Wednesday, September 19, 2012

Book Recommendation: The Meadow

One of the joys of reading a work of fiction is when you finish the book, you experience a sensation of leaving a world behind. Especially in the case of a tragedy when you feel attached enough with the imaginary world that you feel a cloud of gloom hanging over your head but detached enough that you feel gratified from experiencing that world and at the same time have no problem getting on with real life. When the work is non-fiction, however, and it concerns a land that you've visited and an incident that you were old enough to remember vividly, the sadness won't be compartmentalized anymore.

The Meadow describes the events around the kidnapping of six foreign tourists from the Kashmir valley in 1995. Too many of us are taught to believe that Kashmir is a simplistic case of a neighbour trying to snatch what is rightfully ours. Somehow the whole place is filled with single dimensional innocent cutouts that are caught in a game played by politicians. And perhaps, the blacks and whites of that portrait just have to be inverted to see Pakistan's version. With its thorough research, this account digs deep into many of the characters, and perhaps, that's why left me feeling defeatist about whether it's possible to extricate ourselves out of the mess. Both the people of the valley and the officials who govern them are victims for the most part, but also can be perpetrators in measures that vary with circumstance. The role of the neighbour does not come as a surprise but what's most disappointing is the duplicity of my own country. Everything seems to be set up, on all sides, to win the tactical day-to-day battles even at the risk of dehumanizing everyone in the process. So forget about the border getting decided amicably any time soon. Forget about not worrying about bombs going off in our parliaments and in our trains. Forget about repatriating people who were chased out of their ancestral homes. This mess is here to stay for a while.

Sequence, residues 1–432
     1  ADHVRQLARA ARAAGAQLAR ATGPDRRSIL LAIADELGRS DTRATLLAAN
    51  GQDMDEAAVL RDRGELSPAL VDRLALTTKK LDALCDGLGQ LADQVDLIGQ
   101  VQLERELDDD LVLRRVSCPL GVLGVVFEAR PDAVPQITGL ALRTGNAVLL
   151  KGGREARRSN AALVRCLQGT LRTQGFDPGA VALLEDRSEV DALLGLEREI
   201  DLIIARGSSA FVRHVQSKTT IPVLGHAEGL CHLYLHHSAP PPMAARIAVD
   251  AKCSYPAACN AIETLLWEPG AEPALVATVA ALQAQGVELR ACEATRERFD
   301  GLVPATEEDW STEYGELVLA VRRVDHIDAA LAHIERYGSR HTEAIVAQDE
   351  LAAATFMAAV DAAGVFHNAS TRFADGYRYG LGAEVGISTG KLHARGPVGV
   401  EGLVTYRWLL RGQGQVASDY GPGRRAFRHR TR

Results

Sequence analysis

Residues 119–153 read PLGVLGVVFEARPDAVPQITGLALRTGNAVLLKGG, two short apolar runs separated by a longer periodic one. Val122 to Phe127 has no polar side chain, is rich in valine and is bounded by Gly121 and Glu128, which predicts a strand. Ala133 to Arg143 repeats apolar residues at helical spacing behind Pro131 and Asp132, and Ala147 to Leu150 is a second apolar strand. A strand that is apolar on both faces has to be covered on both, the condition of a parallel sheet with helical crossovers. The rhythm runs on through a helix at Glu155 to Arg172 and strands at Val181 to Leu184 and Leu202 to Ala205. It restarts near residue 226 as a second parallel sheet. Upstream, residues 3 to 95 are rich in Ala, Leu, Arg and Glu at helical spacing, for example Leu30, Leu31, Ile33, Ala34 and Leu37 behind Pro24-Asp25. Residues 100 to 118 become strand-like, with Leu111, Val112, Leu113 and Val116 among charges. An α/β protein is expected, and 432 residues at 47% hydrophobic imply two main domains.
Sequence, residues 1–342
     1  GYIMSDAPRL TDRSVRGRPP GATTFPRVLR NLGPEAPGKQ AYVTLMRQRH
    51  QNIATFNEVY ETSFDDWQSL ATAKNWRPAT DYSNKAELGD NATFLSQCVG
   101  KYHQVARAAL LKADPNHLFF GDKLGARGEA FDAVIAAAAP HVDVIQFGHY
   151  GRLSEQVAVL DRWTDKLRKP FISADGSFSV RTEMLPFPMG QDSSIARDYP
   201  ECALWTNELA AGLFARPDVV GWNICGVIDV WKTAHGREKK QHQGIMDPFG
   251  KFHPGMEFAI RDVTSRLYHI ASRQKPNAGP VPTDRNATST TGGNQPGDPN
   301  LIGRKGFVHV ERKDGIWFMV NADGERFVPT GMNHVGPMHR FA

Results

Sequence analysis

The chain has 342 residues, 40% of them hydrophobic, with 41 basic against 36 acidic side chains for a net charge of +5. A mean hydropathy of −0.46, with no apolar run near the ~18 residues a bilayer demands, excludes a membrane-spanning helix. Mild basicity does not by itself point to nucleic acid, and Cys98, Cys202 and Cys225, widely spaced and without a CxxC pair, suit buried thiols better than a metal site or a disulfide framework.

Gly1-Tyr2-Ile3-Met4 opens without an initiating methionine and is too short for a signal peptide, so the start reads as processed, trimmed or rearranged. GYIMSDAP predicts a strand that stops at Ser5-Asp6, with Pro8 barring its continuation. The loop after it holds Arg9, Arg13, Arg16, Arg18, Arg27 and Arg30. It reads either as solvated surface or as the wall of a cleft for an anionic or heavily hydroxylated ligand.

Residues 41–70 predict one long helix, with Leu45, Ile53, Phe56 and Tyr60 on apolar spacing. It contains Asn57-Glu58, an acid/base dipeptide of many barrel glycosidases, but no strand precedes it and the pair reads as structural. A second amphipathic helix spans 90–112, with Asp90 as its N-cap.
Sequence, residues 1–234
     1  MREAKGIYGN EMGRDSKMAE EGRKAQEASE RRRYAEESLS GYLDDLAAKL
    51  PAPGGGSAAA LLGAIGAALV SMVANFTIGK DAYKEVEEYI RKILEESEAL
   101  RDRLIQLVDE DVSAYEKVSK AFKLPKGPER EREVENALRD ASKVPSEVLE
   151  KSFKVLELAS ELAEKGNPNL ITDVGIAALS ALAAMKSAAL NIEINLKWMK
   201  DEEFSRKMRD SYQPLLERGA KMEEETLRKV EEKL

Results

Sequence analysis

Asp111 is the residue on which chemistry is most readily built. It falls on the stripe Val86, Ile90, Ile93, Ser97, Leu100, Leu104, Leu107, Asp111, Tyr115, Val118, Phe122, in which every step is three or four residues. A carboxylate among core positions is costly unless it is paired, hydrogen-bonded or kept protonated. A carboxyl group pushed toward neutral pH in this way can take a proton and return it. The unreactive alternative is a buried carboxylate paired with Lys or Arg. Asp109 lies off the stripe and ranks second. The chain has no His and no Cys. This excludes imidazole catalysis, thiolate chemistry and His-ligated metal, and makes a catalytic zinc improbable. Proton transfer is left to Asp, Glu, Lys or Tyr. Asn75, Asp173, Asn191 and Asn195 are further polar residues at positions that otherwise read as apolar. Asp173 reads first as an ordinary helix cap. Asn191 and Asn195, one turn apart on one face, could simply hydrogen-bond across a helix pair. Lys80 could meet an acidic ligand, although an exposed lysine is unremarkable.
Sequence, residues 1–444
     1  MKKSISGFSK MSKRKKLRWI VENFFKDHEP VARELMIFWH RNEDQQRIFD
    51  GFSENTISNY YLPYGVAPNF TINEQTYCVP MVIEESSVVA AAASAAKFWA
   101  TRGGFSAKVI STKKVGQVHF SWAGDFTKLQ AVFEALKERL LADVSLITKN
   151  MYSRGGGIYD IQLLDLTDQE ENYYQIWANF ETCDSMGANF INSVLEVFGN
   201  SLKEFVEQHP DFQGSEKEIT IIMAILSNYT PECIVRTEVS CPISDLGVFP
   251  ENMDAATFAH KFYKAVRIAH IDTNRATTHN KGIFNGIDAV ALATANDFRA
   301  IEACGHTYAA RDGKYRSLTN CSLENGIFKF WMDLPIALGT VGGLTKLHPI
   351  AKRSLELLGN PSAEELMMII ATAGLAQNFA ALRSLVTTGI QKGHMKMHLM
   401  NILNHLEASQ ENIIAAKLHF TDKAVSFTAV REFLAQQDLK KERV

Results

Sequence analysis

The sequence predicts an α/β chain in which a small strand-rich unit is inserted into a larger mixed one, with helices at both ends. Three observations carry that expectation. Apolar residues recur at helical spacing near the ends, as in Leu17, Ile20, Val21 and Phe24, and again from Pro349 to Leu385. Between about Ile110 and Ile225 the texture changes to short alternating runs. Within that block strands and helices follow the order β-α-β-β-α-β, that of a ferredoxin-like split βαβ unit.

I wanted to also add that you should read the book for its extensive research and its effective prose, but, like I said, stepping back and appreciating the aesthetics of a narrative of something so upsetting is hard to do just yet.


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